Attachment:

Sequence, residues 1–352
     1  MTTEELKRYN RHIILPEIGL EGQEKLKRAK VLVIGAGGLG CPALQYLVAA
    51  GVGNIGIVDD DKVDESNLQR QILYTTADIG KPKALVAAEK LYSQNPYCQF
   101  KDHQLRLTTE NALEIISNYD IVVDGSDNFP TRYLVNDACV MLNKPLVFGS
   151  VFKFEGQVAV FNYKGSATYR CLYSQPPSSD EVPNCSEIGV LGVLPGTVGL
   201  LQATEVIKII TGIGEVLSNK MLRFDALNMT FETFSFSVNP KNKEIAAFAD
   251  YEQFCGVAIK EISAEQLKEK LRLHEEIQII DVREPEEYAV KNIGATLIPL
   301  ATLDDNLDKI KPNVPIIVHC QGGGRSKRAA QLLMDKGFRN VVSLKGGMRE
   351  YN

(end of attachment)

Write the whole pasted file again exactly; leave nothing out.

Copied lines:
Sequence, residues 1–352
     1  MTTEELKRYN RHIILPEIGL EGQEKLKRAK VLVIGAGGLG CPALQYLVAA
    51  GVGNIGIVDD DKVDESNLQR QILYTTADIG KPKALVAAEK LYSQNPYCQF
   101  KDHQLRLTTE NALEIISNYD IVVDGSDNFP TRYLVNDACV MLNKPLVFGS
   151  VFKFEGQVAV FNYKGSATYR CLYSQPPSSD EVPNCSEIGV LGVLPGTVGL
   201  LQATEVIKII TGIGEVLSNK MLRFDALNMT FETFSFSVNP KNKEIAAFAD
   251  YEQFCGVAIK EISAEQLKEK LRLHEEIQII DVREPEEYAV KNIGATLIPL
   301  ATLDDNLDKI KPNVPIIVHC QGGGRSKRAA QLLMDKGFRN VVSLKGGMRE
   351  YN